Participants emphasized that reassuring patients that they would be there for them and exploring their reasons for requesting AID were important first steps. Providers were particularly attuned to probing for concerns about finances or being a burden on others due to terminal illness, and often framed Act 39 as a last-resort option. Before seriously pursuing Act 39, providers sought to address untreated symptoms, such as pain and depression, and discussed alternative options for end-of-life care, including hospice, palliative care, and voluntary stopping of eating and drinking. One nurse noted that after a patient brings up Act 39, “I feel a little bit more free [sic] to discuss with people the ways that they can maybe hasten or allow the dying process to occur without involving medical assistance” (0123). Only then would they educate patients about the law, including who qualifies and how it works. Many providers noted that discussing AID could open up conversations about other end-of-life concerns. As one physician puts it, “There are more people who can say, I think, ‘Can I have that death pill?’ than who can say, ‘What can you do for me while I’m dying that I’m not gonna suffer?’” (0111). Several physicians noted that these issues were difficult to address within a 15–30-min office visit.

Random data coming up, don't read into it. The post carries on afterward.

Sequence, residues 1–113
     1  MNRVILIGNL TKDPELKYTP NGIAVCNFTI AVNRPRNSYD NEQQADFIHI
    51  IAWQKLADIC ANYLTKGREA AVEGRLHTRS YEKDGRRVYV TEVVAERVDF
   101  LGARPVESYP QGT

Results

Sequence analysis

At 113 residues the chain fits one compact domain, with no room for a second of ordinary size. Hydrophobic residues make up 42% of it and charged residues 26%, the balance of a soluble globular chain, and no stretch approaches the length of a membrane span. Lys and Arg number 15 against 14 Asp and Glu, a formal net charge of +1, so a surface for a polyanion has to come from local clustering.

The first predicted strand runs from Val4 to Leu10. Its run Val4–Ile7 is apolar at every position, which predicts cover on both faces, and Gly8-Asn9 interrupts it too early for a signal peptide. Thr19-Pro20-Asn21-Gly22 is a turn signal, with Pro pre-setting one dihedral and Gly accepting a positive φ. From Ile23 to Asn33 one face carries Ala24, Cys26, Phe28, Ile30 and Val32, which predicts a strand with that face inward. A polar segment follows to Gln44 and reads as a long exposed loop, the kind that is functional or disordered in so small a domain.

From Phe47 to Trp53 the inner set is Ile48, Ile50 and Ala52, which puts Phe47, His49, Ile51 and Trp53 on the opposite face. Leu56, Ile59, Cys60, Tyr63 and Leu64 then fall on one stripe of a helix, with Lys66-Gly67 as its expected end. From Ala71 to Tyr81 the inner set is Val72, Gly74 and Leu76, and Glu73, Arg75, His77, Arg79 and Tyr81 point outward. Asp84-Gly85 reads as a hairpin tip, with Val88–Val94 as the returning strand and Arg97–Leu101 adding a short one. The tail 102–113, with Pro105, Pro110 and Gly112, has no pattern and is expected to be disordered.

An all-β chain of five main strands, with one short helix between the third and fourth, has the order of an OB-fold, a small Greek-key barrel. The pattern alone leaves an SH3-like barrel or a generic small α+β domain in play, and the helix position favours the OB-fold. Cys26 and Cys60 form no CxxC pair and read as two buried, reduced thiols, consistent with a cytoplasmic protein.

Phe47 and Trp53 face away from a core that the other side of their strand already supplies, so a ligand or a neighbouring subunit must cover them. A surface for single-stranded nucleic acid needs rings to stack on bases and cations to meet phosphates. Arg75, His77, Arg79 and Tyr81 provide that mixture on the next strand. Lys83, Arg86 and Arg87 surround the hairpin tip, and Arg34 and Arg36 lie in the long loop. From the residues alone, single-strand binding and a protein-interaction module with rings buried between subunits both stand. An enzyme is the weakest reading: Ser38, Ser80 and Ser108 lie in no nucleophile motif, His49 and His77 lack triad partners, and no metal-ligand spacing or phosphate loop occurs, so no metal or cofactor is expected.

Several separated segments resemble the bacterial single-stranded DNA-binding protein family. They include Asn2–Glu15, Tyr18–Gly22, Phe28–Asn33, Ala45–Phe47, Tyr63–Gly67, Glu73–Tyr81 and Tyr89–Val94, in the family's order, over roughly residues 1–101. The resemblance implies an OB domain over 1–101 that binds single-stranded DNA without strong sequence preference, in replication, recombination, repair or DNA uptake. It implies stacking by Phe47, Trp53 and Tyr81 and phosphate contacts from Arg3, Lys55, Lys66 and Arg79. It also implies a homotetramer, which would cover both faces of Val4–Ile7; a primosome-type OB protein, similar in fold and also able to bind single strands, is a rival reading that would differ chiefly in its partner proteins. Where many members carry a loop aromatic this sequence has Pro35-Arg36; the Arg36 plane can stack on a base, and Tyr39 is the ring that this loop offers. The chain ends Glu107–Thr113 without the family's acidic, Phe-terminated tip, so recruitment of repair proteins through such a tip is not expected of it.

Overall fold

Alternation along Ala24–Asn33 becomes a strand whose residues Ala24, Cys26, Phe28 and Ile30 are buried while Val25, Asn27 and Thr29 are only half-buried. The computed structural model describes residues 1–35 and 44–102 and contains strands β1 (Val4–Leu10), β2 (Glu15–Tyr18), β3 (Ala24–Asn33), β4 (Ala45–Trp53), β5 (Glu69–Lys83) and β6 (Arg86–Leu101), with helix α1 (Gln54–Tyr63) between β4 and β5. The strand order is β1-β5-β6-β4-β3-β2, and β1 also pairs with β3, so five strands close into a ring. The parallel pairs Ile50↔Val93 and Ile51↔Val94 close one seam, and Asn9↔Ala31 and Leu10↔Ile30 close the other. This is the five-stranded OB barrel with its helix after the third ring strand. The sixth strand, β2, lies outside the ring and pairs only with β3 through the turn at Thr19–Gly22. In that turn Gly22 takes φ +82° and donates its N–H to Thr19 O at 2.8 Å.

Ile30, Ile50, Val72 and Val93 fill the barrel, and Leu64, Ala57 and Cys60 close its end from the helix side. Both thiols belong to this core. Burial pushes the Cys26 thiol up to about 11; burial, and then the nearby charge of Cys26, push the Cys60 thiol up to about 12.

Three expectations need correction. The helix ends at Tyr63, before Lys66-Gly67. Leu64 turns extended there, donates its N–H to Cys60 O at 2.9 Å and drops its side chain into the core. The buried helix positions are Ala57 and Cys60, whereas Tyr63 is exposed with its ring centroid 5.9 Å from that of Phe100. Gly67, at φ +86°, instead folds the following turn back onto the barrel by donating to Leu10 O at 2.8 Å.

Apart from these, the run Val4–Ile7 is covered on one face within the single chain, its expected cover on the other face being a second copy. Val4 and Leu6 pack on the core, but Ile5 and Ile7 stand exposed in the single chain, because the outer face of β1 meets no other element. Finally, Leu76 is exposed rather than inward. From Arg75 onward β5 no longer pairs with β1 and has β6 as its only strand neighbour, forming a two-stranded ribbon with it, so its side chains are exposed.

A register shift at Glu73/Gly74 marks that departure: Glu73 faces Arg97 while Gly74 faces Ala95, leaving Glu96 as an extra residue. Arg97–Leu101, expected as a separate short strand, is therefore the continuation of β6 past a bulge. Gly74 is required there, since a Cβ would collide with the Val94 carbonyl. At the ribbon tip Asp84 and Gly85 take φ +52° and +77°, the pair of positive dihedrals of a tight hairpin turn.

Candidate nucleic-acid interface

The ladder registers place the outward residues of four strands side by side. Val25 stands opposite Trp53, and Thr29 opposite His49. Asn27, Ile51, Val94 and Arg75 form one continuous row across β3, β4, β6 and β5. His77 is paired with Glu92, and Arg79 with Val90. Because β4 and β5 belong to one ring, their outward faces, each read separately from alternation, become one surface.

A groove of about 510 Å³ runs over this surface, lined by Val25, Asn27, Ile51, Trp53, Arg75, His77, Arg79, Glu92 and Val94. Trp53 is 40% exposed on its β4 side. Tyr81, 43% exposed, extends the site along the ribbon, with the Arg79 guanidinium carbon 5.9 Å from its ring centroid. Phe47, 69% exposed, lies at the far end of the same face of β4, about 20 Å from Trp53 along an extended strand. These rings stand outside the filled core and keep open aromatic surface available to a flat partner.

Act 39 Protocol